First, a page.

“As the ground floor gradually filled with sand, he moved to the second floor, at the end of each working day climbing the steep dune of soft sand to his home. When the sand level reached his second floor windows, he moved to the top floor. When the sand began blowing down the chimney he moved away.”
When I was nine or ten, I started summer mornings with a blinding walk on a wide plank, stepping off sand and onto a concrete jetty that jutted into the lake like a dumb fin. My jetty, really. All day, I jumped off and slithered up, the lake a sheet of glass or a swollen emerald, depending on the angle of the wind. The smell of fish licked my shins when it got wild, waves flapping and nodding in the underbelly of the jetty, in that cave, eroded beneath me, where green-black seaweed shimmered. I swung my legs as the fat tongue of the lake clicked its concrete roof, over and over.
A little more than thirty years later, in early summer of 2020, when we were visiting my parents, an old man stood there, looking back and forth toward my family’s property and in the other direction. He looked lost and vaguely confused, clothes hanging on his thin body. “Who’s that?” I asked my mother. “That’s Mr. Boyland,” she said. “He completely lost his beach this year.”
The Boylands had a summer house next to Shannon’s. Later, when I stepped on my jetty, which was nearly submerged in water, and looked down the shore toward his house, I realized that Shannon’s family had lost about ten feet as water nearly touched their break wall. In the other direction, where my childhood Girl Scout leader used to live, the coast curved in drastically. Before the erosion, another jetty stood, silent and blameless, a sign of our shortsightedness. More than twenty feet of beach lost.
And yet my family rose above all of this, at least for an afternoon, forming a chatty semicircle of chairs on the concrete patio: my mother’s best friend, my grandmother, and a few other family friends. Sand had traveled up the sidewalk toward our house and we dumped a bucket of toys for Gabe to play with as we discussed the best SPF to put on our legs and which cousins were pregnant. Michigan had lifted the COVID-19 lockdown a week prior, and it felt good to ponder my next pedicure color choice or take in the rounded wall of water from a slightly reclined chair. It goes without saying that this view is universally beautiful, but something made it uniquely pleasing then, after my family had sped across the state, only using open air rest stops on the way. At the same time, the lake seemed willful, disobedient. Jet skis in the distance buzzed on and on like hungry flies. I focused on the sound of the waves.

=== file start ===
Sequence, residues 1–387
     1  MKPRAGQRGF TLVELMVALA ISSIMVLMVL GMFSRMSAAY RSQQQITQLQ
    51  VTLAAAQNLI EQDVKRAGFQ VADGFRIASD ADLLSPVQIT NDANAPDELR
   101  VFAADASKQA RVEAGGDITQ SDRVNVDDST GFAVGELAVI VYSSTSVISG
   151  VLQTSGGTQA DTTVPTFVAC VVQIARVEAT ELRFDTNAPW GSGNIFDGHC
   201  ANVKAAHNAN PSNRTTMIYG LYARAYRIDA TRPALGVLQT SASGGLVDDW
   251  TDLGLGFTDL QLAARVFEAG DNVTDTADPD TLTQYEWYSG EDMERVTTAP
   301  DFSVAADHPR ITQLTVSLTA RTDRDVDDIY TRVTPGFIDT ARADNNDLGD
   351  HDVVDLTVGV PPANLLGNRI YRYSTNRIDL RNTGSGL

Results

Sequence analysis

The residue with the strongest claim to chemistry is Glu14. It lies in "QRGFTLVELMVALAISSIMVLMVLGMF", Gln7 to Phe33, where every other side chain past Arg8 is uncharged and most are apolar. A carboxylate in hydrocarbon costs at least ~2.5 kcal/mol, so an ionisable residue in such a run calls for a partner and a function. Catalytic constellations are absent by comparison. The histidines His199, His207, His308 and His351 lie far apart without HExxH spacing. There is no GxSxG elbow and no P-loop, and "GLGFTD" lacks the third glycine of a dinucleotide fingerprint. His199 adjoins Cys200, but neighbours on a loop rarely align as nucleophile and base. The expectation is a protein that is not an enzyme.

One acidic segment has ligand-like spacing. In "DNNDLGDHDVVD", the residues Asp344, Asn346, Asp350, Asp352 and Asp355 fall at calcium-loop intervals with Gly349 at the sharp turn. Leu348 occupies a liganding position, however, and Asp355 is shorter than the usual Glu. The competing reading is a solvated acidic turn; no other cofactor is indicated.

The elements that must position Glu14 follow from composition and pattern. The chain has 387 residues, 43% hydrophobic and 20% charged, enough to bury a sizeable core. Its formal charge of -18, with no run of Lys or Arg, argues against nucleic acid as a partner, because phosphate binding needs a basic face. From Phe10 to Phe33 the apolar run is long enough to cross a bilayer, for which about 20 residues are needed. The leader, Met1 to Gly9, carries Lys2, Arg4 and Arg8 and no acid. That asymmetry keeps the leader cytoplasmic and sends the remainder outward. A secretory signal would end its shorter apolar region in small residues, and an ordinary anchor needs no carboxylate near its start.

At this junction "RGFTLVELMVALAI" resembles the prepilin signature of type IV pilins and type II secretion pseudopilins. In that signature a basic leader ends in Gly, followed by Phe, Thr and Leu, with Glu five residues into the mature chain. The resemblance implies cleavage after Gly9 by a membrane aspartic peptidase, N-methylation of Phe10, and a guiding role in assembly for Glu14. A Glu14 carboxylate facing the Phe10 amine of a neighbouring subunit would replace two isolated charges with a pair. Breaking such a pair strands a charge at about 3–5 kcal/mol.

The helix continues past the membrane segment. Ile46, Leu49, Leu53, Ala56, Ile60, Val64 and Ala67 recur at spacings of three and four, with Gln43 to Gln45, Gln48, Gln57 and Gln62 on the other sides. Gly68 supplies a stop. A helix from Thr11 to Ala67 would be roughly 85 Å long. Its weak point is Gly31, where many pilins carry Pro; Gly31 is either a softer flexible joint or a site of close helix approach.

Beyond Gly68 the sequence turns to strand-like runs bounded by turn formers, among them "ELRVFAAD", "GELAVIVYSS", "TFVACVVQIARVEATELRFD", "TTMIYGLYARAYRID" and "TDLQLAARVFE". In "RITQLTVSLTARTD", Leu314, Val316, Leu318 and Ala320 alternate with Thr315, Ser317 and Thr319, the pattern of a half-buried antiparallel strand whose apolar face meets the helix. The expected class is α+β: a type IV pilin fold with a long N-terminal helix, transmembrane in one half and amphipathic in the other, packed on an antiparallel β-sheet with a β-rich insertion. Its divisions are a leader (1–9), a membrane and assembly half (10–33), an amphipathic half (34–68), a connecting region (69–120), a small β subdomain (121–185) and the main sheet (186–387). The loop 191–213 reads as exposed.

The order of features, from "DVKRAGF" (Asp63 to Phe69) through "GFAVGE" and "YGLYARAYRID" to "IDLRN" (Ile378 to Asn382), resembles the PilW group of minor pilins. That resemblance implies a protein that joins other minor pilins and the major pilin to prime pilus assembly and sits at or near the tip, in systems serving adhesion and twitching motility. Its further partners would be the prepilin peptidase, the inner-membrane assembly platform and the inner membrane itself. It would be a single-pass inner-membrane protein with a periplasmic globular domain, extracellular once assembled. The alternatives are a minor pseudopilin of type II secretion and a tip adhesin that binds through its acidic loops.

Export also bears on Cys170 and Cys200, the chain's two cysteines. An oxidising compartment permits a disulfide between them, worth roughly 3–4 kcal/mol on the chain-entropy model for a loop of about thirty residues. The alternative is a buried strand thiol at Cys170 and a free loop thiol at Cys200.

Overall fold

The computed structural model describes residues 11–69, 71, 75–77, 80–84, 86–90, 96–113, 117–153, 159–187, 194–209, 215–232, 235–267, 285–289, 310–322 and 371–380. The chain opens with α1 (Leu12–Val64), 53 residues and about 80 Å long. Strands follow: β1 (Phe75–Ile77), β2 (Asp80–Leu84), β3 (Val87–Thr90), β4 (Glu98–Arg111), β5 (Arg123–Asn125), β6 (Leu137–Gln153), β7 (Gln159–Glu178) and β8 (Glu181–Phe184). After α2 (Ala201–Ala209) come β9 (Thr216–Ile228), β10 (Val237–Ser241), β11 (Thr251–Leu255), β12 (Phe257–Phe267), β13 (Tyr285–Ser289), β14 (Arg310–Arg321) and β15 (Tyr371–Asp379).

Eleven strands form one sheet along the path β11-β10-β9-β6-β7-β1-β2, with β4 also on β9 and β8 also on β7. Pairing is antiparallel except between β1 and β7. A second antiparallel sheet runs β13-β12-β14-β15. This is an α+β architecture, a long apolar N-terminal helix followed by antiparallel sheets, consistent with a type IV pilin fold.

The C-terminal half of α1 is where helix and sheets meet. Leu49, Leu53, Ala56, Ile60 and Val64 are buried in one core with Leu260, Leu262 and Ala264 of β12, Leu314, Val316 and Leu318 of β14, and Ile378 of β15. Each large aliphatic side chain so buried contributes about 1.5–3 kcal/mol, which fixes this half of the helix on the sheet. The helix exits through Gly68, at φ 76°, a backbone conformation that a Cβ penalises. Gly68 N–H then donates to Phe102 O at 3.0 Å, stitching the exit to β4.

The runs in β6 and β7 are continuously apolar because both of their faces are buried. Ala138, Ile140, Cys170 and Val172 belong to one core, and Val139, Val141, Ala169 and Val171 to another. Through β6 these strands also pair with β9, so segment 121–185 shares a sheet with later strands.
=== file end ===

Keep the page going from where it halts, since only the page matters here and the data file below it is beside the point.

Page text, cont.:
The pandemic and the recent strange weather had pushed me to the edge of my faith. It had been twenty degrees cooler than average that April, during the lockdown. We did the Teddy Bear Walk around our neighborhood in Grand Rapids in our winter coats. Everyone put something in your window for the kids! I helped Gabe paint a rainbow and tape it to our front window, called my mom every night, scored a giant empty toilet paper box and made it into a playhouse, complete with window flaps and a trap door. This was after I doom scrolled until one a.m. and it rained for an entire week. I watched trees bend in seventy mile-per-hour winds. I hadn’t been inside another person’s house in months, but when our power went out I ran inside my best friend Mandy’s to put our quickly thawing chicken into her freezer. It was around seven a.m. and she was loading the dishwasher in her pajamas as her son played nearby. I breezed by, trying not to breathe in too much air as I thanked her profusely.